New Delhi: National carrier Air India (AI) may shortly get an expatriate chief operating officer (COO) to oversee the turnaround of the loss-making airline that’s been bailed out by the government and urgently needs to find ways of saving money.
Five applicants have been shortlisted by the carrier. “They will be coming for the interviews on 27 March. All are expats,” said a senior government official familiar with the process, who asked not to be named as he is not authorized to speak with the media. The names of the prospective COOs cannot be disclosed because most are employed with various airlines, the official said.
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The applicants are to be screened by a panel headed by civil aviation secretary M. Madhavan Nambiar. The others on the committee are Anand Mahindra, vice-chairman and managing director of Mahindra and Mahindra Ltd, Uday Kotak, executive vice-chairman and managing director of Kotak Mahindra Bank Ltd, and Sajjan Jindal, vice-chairman and managing director of JSW Steel Ltd.
The COO’s mandate is to work with chairman and managing director Arvind Jadhav to implement a three-year turnaround plan. The airline received fresh equity infusion from the government on 19 March, raising the equity capital to Rs945 crore, as part of the total agreed Rs2,000 crore proposed bailout. The airline is expected to make a loss of Rs5,400 crore in 2009-10, according to the civil aviation ministry.
At least 140 top global airline executives had applied for the job after advertisements were posted in September in The Economist magazine and the Financial Times newspaper. COOs and vice-presidents from European, American, Australian and Caribbean carriers were among those vying for the job, which includes completing the integration of domestic carrier Indian Airlines with AI, as Mint reported on 19 November.
The COO will be entitled to performance-linked pay and will be required to work with consulting firms that have been hired to draw up strategies for cost-rationalization and debt-restructuring. The move is not without its doubters. A senior AI official said the move may lead to the duplication of responsibilities. “We will positively get a COO before the end of the month, but this would create a separate power centre within the company,” the official said.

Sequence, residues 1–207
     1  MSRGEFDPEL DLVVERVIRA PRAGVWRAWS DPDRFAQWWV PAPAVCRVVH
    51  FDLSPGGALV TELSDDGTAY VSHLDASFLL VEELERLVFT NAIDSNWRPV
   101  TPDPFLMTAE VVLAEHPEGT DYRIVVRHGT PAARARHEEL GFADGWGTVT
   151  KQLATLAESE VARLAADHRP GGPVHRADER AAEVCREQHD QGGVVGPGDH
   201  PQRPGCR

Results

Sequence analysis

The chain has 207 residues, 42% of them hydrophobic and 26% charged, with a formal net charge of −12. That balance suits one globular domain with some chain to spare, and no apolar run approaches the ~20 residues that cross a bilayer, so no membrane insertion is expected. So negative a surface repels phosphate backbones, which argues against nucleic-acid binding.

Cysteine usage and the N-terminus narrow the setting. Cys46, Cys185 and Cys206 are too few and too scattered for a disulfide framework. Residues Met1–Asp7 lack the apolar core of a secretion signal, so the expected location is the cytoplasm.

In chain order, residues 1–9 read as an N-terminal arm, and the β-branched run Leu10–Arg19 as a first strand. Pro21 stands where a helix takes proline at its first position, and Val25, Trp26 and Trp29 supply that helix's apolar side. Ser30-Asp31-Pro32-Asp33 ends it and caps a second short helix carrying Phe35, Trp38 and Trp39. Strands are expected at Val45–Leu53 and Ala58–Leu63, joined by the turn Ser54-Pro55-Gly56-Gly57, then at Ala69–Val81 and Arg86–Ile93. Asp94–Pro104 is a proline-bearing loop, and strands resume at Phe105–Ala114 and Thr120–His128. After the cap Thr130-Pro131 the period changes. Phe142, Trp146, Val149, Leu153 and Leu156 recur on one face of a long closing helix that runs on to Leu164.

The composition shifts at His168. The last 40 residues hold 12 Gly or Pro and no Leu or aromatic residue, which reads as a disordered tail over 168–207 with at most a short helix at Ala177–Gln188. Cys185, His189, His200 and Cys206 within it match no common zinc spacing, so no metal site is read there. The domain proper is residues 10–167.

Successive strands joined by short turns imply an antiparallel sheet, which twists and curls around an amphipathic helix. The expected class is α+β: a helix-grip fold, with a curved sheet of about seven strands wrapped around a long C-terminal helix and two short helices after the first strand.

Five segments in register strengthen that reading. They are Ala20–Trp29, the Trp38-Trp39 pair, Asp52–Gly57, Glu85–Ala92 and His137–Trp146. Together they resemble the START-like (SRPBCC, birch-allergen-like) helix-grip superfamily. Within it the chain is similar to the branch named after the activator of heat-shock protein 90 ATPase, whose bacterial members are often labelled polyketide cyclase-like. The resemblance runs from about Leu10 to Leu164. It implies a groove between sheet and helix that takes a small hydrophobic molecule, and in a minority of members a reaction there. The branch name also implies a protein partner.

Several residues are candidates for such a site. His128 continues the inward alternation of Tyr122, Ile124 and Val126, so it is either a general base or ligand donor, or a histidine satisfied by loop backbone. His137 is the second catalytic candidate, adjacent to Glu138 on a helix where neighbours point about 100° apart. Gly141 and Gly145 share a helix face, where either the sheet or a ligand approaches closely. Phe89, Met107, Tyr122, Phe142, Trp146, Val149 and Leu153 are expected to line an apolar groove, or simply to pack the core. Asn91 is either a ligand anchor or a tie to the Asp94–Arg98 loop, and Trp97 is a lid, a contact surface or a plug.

The successful applicant will need to manage a delicate balancing act between fixing the firm and trying to make sure that there is no political backlash against the government.
The cabinet will decide how wage cuts can be implemented, loss-making routes dropped and bailout funds injected into the firm to keep it afloat as the turnaround process goes forward.
A top civil aviation ministry official, who also spoke on condition of anonymity, said the cabinet discussions will take at least a month. A note is being prepared for the cabinet in consultation with the finance ministry that will lay out the consequences of salary reductions and the dropping of flagship routes.
The airline has sought a letter of comfort from the finance ministry to help it raise its working capital limit and improve creditworthiness, which will help lower interest rates on the more than Rs16,000 crore of working capital loans on its books.